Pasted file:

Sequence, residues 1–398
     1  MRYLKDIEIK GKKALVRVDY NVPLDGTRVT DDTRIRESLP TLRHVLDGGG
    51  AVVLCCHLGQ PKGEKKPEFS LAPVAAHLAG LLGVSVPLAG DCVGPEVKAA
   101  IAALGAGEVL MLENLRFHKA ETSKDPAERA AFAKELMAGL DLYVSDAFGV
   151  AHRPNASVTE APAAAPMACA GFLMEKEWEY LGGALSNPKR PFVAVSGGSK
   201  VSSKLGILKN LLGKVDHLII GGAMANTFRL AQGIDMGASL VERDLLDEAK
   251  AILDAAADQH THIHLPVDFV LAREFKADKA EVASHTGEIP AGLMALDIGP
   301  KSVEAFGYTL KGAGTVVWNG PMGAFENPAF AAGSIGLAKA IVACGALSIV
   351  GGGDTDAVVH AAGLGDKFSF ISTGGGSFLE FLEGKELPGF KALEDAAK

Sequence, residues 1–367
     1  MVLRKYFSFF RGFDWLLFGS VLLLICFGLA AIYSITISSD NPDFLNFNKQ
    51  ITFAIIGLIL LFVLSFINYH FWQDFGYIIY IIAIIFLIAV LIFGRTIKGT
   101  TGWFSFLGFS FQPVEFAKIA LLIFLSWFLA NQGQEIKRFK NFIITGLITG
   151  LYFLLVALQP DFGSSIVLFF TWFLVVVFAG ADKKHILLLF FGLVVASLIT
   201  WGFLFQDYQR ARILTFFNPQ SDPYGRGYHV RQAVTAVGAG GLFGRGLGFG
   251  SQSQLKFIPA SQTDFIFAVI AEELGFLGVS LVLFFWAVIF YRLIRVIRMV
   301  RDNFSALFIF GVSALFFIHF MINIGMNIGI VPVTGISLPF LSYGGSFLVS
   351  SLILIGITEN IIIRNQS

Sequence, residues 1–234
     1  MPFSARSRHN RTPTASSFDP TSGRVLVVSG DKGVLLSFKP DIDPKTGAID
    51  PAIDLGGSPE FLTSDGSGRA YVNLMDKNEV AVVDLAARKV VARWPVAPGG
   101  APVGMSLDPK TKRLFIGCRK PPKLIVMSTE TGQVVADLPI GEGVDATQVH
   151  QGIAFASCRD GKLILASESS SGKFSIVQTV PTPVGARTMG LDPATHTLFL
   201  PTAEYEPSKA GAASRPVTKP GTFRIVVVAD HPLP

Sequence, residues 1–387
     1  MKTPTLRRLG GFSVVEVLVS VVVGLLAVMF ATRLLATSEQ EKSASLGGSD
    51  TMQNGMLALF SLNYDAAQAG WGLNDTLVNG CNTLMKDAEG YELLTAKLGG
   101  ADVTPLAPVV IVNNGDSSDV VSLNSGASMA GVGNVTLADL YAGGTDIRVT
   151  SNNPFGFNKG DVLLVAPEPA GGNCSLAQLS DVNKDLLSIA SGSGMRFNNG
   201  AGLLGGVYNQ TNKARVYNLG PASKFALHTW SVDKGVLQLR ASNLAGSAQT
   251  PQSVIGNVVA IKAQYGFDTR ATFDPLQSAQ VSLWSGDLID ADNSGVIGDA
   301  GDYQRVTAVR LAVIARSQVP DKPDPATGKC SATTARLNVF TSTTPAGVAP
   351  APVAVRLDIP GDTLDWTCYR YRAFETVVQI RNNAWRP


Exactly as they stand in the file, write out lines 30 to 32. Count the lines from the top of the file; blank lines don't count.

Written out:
   201  AGLLGGVYNQ TNKARVYNLG PASKFALHTW SVDKGVLQLR ASNLAGSAQT
   251  PQSVIGNVVA IKAQYGFDTR ATFDPLQSAQ VSLWSGDLID ADNSGVIGDA
   301  GDYQRVTAVR LAVIARSQVP DKPDPATGKC SATTARLNVF TSTTPAGVAP